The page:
If you're one of those people who's always finding an excuse to skip the gym, here's another big one - you could actually be allergic to working out! According to Popular Science, exercise actually can prompt an allergic reaction in some people - although it is incredibly rare.
Exercise-induced anaphylaxis is estimated to affect around 50 in every 100,000 people, with symptoms of the condition said to include hives, flushing, wheezing, nausea, abdominal cramping, and diarrhoea. The symptoms occur for 30 to 50 per cent of people when they exercise after eating certain types of food, including wheat, shellfish, fruit and milk, which are all known to be common allergens. However, other women will only experience exercise-induced anaphylaxis when they are at a point in their menstrual cycle when oestrogen levels are high.
Exercise-induced anaphylaxis affects around 50 in every 100,000 people
More than just an excuse to ditch your gym buddy, the symptoms can become serious if not properly managed. However, just like any allergy, the condition is easily controlled by avoiding the triggers, which would include eating particular foods before strenuous exercise.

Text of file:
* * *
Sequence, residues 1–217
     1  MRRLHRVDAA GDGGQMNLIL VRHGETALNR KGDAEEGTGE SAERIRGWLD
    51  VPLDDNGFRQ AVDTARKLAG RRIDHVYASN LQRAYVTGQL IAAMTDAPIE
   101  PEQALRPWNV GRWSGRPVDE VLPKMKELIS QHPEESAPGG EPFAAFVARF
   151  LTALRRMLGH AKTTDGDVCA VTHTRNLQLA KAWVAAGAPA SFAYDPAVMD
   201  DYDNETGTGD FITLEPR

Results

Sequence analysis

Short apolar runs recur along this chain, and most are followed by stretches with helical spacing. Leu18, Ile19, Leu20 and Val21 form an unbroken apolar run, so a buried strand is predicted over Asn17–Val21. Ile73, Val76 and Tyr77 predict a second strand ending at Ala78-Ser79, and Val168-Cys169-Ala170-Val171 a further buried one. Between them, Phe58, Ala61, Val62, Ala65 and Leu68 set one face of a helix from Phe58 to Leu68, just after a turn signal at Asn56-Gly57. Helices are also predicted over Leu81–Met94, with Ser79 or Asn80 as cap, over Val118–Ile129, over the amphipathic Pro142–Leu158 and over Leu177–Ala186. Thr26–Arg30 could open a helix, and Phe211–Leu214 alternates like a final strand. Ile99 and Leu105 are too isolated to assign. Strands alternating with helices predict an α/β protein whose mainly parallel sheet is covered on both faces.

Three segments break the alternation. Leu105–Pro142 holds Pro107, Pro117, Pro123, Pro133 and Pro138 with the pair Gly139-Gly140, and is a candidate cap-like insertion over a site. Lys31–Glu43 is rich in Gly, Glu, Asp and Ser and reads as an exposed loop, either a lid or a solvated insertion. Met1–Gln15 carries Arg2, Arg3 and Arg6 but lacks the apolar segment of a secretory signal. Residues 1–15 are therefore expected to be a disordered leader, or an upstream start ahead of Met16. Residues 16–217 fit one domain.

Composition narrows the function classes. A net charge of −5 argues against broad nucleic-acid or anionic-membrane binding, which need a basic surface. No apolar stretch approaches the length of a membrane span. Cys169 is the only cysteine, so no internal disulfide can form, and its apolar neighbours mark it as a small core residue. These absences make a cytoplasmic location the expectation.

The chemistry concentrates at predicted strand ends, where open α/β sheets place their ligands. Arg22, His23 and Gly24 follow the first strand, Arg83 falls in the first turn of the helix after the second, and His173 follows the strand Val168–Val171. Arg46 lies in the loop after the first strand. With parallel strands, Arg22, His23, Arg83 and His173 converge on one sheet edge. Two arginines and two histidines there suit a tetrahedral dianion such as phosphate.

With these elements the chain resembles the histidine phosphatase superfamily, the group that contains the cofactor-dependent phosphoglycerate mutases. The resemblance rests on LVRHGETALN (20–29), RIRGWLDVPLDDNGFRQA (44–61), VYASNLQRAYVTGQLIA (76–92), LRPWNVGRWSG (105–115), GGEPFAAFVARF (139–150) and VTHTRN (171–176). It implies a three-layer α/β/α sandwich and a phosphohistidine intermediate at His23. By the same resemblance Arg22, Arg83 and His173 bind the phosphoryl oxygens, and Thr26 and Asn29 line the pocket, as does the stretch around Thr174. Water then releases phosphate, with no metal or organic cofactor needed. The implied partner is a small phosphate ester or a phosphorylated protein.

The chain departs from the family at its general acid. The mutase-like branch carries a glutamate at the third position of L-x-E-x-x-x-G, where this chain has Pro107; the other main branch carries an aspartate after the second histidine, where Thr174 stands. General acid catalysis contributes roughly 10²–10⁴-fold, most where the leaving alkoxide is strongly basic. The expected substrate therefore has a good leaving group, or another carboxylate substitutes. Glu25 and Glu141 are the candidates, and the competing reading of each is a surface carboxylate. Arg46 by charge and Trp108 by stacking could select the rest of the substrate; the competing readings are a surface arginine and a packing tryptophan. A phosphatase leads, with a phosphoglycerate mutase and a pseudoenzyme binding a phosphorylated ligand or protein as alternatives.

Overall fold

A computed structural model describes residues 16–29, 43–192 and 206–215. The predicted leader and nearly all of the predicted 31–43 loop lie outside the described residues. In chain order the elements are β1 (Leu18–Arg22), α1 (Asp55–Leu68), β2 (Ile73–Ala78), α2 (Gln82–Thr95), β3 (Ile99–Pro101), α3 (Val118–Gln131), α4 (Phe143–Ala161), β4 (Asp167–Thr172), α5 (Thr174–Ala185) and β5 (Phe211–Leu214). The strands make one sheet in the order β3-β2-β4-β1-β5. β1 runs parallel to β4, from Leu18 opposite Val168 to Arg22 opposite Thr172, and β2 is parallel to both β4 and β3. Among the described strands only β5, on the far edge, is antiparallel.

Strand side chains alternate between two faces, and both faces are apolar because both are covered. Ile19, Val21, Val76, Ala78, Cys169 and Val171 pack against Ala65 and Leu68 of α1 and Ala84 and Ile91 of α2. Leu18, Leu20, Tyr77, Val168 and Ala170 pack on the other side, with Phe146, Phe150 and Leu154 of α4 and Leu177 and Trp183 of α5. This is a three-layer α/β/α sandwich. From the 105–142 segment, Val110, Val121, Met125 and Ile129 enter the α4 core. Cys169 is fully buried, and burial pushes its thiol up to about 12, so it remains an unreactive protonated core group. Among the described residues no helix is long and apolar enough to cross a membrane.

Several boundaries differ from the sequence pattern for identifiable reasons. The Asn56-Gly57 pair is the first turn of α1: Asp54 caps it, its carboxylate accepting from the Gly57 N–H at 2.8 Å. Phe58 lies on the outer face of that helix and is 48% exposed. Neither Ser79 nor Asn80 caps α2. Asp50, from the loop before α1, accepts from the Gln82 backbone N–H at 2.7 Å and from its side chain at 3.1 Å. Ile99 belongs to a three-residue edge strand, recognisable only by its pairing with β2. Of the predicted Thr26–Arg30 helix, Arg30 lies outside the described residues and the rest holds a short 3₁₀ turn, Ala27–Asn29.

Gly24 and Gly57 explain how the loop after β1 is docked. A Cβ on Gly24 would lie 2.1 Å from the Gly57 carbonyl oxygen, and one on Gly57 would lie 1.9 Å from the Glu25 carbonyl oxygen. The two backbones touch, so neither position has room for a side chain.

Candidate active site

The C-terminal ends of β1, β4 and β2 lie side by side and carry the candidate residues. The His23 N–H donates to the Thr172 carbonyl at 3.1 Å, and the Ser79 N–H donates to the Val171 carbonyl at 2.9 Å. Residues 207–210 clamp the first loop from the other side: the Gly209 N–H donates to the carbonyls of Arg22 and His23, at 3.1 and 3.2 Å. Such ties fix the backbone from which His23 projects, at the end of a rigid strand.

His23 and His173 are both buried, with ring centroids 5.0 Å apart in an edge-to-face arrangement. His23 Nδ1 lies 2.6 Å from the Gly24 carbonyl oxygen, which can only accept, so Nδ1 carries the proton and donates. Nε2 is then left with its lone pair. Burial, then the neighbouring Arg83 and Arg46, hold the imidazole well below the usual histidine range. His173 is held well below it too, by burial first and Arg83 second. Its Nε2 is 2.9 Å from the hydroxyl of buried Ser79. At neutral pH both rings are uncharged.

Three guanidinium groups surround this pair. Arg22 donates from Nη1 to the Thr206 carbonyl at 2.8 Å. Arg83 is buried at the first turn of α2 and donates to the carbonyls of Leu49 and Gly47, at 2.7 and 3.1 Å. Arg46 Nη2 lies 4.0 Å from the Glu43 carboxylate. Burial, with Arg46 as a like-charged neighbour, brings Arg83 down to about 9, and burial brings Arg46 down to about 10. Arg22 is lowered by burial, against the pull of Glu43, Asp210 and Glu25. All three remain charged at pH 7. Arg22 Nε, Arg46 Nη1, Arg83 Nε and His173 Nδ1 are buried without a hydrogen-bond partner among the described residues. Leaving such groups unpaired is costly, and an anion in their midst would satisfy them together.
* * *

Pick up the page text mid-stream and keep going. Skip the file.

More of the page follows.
If your own aversion to exercise is more related to lacking in motivation rather than a physical allergy, you may be able to achieve your goals and actually grow to like working out by setting realistic and achievable targets. Jade Pearman, F45 UK Head Trainer, shared her expert tips with HELLO!, with one of the most important being understanding why you should be working out.
"Understanding your 'why' is your most powerful motivator. Your 'why' could be your desire to improve your health so you can be a better role model to your kids and the people around you," she said. "Being able to identify your true 'why' will give you the drive and motivation to see it through. This can be tough, but once you dig deep and find your true emotional trigger this will become your ultimate driving force."